Phylogenetics: Large Scale Maximum Likelihood Analyses
|EEB 349: Phylogenetics|
|This lab explores two programs (GARLI and RAxML) designed specifically for maximum likelihood analyses on a large scale (hundreds of taxa).|
- 1 Part A: Starting a GARLI run on the cluster
- 2 Part B: Starting a RAxML run on the cluster
Part A: Starting a GARLI run on the cluster
GARLI is a program written by Derrick Zwickl for estimating the phylogeny using maximum likelihood, and is currently one of the best programs to use if you have a large problem (i.e. many taxa). GARLI does not give you much choice in the way of search strategy or substitution model. It uses the GTR+I+G model (General Time Reversible substitution model, with invariable sites and discrete gamma rate heterogeneity), and uses a genetic algorithm search strategy. The genetic algorithm (or GA, for short) search strategy is like other heuristic search strategies in that it cannot guarantee that the optimal tree will be found. Thus, as will all heuristic searches, it is a good idea to run GARLI several times (using different pseudorandom number seeds) to see if there is any variation in the estimated tree.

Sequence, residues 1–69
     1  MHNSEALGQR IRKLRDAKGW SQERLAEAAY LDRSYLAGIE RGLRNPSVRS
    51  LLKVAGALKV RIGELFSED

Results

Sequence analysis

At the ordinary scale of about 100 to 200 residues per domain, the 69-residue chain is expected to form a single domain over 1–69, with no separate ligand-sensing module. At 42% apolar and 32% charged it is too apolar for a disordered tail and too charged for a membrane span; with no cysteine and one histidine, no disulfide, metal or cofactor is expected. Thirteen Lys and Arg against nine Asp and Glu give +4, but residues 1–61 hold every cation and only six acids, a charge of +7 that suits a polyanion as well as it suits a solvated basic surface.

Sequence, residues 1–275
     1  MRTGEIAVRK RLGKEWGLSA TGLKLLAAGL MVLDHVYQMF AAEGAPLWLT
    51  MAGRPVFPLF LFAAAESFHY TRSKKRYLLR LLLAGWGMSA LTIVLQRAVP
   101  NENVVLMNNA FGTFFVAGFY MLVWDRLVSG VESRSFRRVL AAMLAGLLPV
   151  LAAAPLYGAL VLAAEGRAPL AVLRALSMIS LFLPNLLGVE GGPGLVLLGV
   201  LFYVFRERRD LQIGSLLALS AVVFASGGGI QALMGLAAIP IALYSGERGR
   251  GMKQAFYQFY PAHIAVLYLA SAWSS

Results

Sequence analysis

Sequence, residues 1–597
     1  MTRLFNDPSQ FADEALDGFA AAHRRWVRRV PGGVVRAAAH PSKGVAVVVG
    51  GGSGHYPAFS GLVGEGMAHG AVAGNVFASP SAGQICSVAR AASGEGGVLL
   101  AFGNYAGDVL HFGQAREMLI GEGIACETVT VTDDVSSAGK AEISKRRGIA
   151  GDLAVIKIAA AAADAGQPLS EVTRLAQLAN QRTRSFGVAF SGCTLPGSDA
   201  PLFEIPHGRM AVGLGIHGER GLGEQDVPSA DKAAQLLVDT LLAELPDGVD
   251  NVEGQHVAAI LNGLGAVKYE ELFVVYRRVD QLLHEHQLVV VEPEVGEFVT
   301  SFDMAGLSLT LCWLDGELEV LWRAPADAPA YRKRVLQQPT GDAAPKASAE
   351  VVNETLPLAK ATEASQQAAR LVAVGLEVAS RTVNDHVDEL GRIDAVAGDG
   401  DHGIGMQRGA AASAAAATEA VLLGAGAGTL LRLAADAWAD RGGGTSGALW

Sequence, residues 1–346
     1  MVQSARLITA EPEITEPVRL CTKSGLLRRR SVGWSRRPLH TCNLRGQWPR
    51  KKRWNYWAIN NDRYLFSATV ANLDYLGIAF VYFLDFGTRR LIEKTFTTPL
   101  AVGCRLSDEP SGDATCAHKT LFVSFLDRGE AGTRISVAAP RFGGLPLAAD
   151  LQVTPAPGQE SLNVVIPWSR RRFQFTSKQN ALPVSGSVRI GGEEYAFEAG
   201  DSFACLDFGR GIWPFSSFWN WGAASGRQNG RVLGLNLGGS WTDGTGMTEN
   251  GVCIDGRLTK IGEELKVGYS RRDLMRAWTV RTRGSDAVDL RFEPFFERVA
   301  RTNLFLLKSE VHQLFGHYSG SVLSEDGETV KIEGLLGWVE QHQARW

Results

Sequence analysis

Today you will run GARLI on the cluster for a dataset with 50 taxa. This is not a particularly large problem, but then you only have an hour or so to get this done!
Preparing the GARLI control file
Like many non-interactive programs, GARLI uses a control file to specify the settings it will use during a run. Here is the control file distributed with GARLI:
[general] datafname = rana.phy streefname = random ofprefix = ranaGarli randseed = -1 megsclamemory = 500 availablememory = 512 logevery = 10 saveevery = 100 refinestart = 1 outputeachbettertopology = 1 enforcetermconditions = 1 genthreshfortopoterm = 20000 scorethreshforterm = .05 significanttopochange = 0.05 outputphyliptree = 0 outputmostlyuselessfiles = 0 dontinferproportioninvariant = 0 [master] nindivs = 4 holdover = 1 selectionintensity = .5 holdoverpenalty = 0 stopgen = 5000000 stoptime = 5000000 startoptprec = .5 minoptprec = .01 numberofprecreductions = 40 topoweight = 1.0 modweight = .05 brlenweight = .2 randnniweight = .2 randsprweight = .3 limsprweight = .5 intervallength = 100 intervalstostore = 5 limsprrange = 6 meanbrlenmuts = 5 gammashapebrlen = 1000 gammashapemodel = 1000 bootstrapreps = 0 inferinternalstateprobs = 0